Review Roundup: What Did Critics Think of Netflix's 1922?
From the summer hit IT to the recently released THE DARK TOWER, audiences cannot get enough of Stephen King adaptations. The next addition comes in the form of the new Netflix film 1922.
The adaptation stars Thomas Jane as Wilfred James, the intense patriarch of a Nebraskan family in the 1920's. His wife Arlene (played by Molly Parker) wishes to move to a city for a better life, but James disapproves, as he always planned to live the rural life until he dies. Arlene is intent on moving with their son Henry (Dylan Schmid), so James plans THE ONE thing he knows will stop her: he plans to murder her.
The film will start streaming on Netflix this Friday October 20th. Before then, take a look at the reviews to see if the critics enjoyed the thriller!
John DeFore, The Hollywood Reporter: "Jane, who delivers this weathered laborer's dialogue through clenched teeth, is not as demonstrative as most previous big-screen recipients of King's slow-build insanity. The film is not lurid in its scares, and instead depicts its protagonist's suffering mostly as a slow rot. Contrast that with the plight of Henry, whose misadventures could drive a more active crime-spree movie but are depicted here calmly, from a distance. Wilf manages to live eight years beyond the year the movie is named for. But he might as well have fallen into that well the day he buried his wife."
Joe Leydon, Variety: "Jane persuasively devolves into madness, or something like it, as the hidebound and rawboned Wilfred, while Schmid and Bernard are aptly sympathetic in their supporting roles. Parker adds a sprinkling of playful sauciness to her otherwise tightly wound portrayal of Arlene, and McDonough works emotionally impactful wonders while underplaying Harlan's final confrontation with Jane. Better still, the period detail is unassumingly impressive in this Netflix production, which uses Vancouver locations as reasonable substitutes for urban and rural Nebraska."
Eric Kohn, IndieWire: "Despite the setting, this is a pretty familiar routine, one that suggests the poor man's THE SHINING in more ways than one. Yet again, a desperate middle-aged man goes insane at the hand of his own extreme desires, and it's a given that he'll never escape unscathed. Even so, 1922 manages to unearth the poetry of that formulaic trajectory. "In the end, we all get caught," Wilfred sighs, and the movie amplifies what it means to experience that inevitability as a chilling slow-burn descent. It doesn't take any shocking new twists, but musters just enough fresh polish to a classic scenario to make it worth one more ride. Grade: B+."
Todd Gilchrist, The Wrap: "Ultimately, even amidst the rodents and decomposing human remains, 1922 chugs along with predictable familiarity and too little escalation, expounding upon its thesis in only a single, underwhelming way: guilt indeed eventually catches up with everybody, but man alive, it sometimes takes way too long."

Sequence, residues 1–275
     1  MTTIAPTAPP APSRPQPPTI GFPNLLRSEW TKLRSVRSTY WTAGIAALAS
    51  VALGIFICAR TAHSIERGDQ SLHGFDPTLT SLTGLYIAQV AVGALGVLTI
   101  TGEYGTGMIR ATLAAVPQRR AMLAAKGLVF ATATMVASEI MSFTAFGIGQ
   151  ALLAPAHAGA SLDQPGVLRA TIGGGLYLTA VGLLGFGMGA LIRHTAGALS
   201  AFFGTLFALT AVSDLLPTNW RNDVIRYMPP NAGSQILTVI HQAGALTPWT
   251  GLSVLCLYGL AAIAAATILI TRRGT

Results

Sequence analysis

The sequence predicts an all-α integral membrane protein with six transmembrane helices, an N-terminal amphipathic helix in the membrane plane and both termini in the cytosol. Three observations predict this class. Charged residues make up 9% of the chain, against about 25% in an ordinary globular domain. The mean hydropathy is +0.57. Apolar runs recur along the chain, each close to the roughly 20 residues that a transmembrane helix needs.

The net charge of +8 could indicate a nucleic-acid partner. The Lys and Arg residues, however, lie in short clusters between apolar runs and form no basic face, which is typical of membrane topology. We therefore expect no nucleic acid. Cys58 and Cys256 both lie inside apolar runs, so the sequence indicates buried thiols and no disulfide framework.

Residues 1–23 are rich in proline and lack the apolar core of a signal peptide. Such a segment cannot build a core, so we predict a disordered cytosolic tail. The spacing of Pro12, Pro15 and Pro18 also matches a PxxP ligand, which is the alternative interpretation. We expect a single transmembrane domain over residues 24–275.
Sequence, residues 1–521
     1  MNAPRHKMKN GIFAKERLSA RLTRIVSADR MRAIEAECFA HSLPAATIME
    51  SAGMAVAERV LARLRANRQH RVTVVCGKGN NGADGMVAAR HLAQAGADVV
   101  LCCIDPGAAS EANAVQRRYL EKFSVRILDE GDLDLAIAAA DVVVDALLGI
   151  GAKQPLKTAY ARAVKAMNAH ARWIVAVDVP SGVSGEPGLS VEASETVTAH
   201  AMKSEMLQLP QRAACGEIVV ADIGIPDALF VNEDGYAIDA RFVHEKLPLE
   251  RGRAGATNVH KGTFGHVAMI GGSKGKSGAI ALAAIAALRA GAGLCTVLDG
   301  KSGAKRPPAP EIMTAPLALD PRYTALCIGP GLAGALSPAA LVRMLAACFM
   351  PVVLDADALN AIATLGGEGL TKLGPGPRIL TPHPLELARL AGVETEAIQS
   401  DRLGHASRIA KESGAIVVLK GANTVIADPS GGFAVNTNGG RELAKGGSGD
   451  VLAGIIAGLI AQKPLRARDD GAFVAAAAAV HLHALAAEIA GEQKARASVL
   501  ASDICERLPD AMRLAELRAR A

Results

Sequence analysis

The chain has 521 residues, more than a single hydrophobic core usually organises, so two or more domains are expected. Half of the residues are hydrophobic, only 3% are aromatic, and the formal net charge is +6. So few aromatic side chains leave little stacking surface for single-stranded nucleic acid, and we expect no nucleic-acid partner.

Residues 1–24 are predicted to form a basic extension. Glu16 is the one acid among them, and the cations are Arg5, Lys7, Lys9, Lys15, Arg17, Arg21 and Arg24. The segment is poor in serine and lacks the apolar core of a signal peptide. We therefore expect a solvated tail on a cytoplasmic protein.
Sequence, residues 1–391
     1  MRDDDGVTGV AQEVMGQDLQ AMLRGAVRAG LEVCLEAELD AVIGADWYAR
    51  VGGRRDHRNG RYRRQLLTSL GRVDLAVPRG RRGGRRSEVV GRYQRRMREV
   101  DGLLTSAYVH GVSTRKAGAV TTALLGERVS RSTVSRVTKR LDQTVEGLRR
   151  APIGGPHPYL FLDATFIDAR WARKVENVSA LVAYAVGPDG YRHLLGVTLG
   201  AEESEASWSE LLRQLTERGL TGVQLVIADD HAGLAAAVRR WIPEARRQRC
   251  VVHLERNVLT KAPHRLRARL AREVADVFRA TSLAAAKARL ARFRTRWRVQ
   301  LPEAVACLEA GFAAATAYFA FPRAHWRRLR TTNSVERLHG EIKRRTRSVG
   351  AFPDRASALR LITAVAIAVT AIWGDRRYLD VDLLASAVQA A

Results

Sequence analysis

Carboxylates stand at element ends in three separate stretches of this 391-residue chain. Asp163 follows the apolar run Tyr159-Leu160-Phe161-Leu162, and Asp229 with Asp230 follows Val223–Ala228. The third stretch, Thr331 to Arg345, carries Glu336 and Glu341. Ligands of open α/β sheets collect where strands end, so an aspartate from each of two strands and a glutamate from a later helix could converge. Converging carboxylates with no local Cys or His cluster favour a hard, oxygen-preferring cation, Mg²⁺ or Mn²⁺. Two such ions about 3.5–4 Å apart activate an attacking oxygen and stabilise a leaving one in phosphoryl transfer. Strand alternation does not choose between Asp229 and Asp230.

Tasha Robinson, The Verge: "It has its problems, though they mostly stem from King's source material. Hilditch sticks closely to King's narrative, apart from a surprising change in the literal last second of the story. But that means he inherits King's plot structure, which among other things has a considerable amount of the story only being revealed through a sort of magical vision, and only after the fact. On the other hand, Hilditch doesn't take as much time as King did in laying out the characters. Like THE TELL-TALE HEART, the film version of 1922 races toward the mechanics of the murder without spending enough time on establishing who the protagonist is, and whether murder is naturally in his makeup, or he has to struggle his way toward it. Like virtually all the King adapters who respect his strikingly individual storylines instead of radically rewriting them into something more generic and obvious, Hilditch keeps some of King's actual language, turning it into a voiceover where Wilf explains his inner thoughts. But that alone doesn't go far enough toward explaining who Wilf is, or why his story should matter to viewers. He's a much more quickly sketched character here than he is in King's story, and that hurts the momentum."
Kristy Puchko, Nerdist: "To his credit, Jane gives a great performance. Speaking always in a restrained snarl through locked teeth, he gives Wilfred a mix of Southern geniality and masculine menace that's almost compelling in spite of the insipid script. In her brief screen time as the spiky wife, Parker is exciting. But too soon she becomes just another dead girl, more prop than person. Playing the corrupted Henry, Schmid is promising. His big mournful eyes swallow audience empathy like a thirsty duckling. But before long the story's lost him, and we're left with a sick, sad, wicked man bumbling around his farm house alone and miserable. Bled dry of suspense and true horror, 1922 is a dismal affair. Perhaps Hilditch was aiming for slow-burn horror, but all he mustered was a patience-trying bore."
Haliegh Foutch, Collider: "1922 struggles a bit with pacing, rushing the early bits and dragging out Wilf's long fall. The film tests audience patience a bit, the epitome of a slow burn. But 1922 also has the strength of a simple, direct story, which Hilditch honors in full (aside from one last-minute tweak) by crafting the simmering tension of certain dread. Atmospheric and sparing, 1922 is one of King's subtle nightmares, but it packs a punch by inspecting the familiar terrors of masculine pride gone wrong and the sinking spiritual punishment of a man who chooses his own damnation. Rating: B."
Photo Credit: 1922 Official Trailer